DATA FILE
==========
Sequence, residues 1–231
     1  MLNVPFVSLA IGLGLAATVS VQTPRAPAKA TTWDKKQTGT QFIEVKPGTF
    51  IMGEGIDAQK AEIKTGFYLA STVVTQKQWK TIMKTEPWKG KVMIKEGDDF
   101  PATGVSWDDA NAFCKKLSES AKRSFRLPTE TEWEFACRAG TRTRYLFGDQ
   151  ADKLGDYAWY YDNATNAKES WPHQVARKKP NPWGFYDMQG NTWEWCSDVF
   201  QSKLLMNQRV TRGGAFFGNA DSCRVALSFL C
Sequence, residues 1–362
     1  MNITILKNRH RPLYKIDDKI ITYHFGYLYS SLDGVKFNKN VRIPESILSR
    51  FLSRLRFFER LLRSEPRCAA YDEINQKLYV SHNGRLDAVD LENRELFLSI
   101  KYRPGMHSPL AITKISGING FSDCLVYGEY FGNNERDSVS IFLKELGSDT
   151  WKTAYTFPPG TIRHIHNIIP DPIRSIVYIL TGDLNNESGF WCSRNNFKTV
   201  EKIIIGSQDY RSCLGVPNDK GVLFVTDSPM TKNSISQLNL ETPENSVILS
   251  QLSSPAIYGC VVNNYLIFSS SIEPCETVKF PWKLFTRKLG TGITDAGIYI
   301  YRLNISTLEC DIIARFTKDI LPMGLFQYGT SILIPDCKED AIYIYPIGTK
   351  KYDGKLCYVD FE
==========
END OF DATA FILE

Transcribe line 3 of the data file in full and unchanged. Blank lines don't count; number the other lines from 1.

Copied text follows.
    51  IMGEGIDAQK AEIKTGFYLA STVVTQKQWK TIMKTEPWKG KVMIKEGDDF